Commands by wiburg (3)

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Go to parent directory of filename edited in last command

Search for a string inside all files in the current directory
options: -n line nbrs, -i ignore case, -s no "doesn't exist", -I ignore binary args: * for all files of current dir (not hidden), .[!.]* for all hidden files I don't include by default the -R (recursive) option, which is not always useful. You add it by hand when needed.

generate random password
for Mac OS X

Create a list of binary numbers
If you should happen to find yourself needing some binary numbers, this is a quickie way of doing it. If you need more digits, just add more "{0..1}" sequences for each digit you need. You can assign them to an array, too, and access them by their decimal equivalent for a quickie binary to decimal conversion (for larger values it's probably better to use another method). Note: this works in bash, ksh and zsh. For zsh, though, you'll need to issue a setopt KSH_ARRAYS to make the array zero-based. $ binary=({0..1}{0..1}{0..1}{0..1}) $ echo ${binary[9]}

list block devices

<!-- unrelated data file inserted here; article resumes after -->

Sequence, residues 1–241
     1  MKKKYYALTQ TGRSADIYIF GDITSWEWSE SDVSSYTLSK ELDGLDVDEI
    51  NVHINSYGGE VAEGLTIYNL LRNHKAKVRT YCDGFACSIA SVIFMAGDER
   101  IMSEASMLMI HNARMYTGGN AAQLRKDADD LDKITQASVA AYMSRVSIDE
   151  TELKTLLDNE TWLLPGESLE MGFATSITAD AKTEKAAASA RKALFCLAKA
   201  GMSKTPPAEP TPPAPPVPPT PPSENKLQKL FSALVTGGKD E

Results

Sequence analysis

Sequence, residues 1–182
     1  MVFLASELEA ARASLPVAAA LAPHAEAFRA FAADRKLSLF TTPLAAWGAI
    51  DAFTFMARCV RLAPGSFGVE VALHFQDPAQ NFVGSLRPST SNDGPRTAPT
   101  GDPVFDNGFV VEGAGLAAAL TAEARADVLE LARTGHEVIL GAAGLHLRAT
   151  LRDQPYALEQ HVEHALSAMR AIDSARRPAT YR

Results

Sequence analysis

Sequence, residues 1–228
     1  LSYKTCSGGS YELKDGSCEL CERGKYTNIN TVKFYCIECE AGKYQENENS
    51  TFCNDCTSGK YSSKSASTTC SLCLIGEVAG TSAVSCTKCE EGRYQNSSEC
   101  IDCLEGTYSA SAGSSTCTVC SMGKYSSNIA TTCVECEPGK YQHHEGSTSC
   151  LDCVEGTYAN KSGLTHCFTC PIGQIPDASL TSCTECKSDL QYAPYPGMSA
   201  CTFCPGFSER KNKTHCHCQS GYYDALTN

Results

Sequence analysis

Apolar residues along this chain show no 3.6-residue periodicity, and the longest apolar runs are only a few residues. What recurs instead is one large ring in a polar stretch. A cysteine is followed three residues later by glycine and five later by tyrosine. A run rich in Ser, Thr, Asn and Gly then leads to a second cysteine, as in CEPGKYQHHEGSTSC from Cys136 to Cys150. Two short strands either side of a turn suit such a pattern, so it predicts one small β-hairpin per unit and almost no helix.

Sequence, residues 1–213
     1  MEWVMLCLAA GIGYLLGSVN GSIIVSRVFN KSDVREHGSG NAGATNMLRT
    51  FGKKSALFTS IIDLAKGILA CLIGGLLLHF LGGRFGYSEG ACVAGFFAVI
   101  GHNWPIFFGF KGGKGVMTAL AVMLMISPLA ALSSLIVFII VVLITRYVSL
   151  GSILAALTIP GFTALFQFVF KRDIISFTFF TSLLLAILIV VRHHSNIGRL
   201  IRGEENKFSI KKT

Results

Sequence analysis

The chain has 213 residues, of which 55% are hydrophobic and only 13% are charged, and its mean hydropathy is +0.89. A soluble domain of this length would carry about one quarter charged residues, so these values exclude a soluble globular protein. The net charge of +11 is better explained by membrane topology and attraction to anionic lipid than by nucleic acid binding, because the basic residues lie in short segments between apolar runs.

Shows all block devices in a tree with descruptions of what they are.

Which processes are listening on a specific port (e.g. port 80)
swap out "80" for your port of interest. Can use port number or named ports e.g. "http"

Short and elegant way to backup a single file before you change it.
Remember to backup everything before changing it so you can restore all to normal.

Show the power of the home row on the Dvorak Keyboard layout
Quick and dirty command that counts how many words can be typed just using the home row on the Dvorak Simplified Keyboard layout from a dictionary file, in this case /usr/share/dict/words. According to the regular expression supplied, each word must contain all the keys on the Dvorak home row, and no other characters. For comparison, I've shown how many words are installed in my dictionary, how many can be typed with just the Dvorak home row and how many can be typed with just the QWERTY home row in the sample output. Nearly 10 times the amount. If you want to see the words, remove the -c switch, and each word will be printed out.

a fast way to repeat output a byte
the speed is about 500MB/s on my machine. i think it's fast enough to output not too many bytes. while a C program may output 1GB per sencond on my machine. if the size is not the power of 512,you may change the bs and count in dd.

check open ports without netstat or lsof


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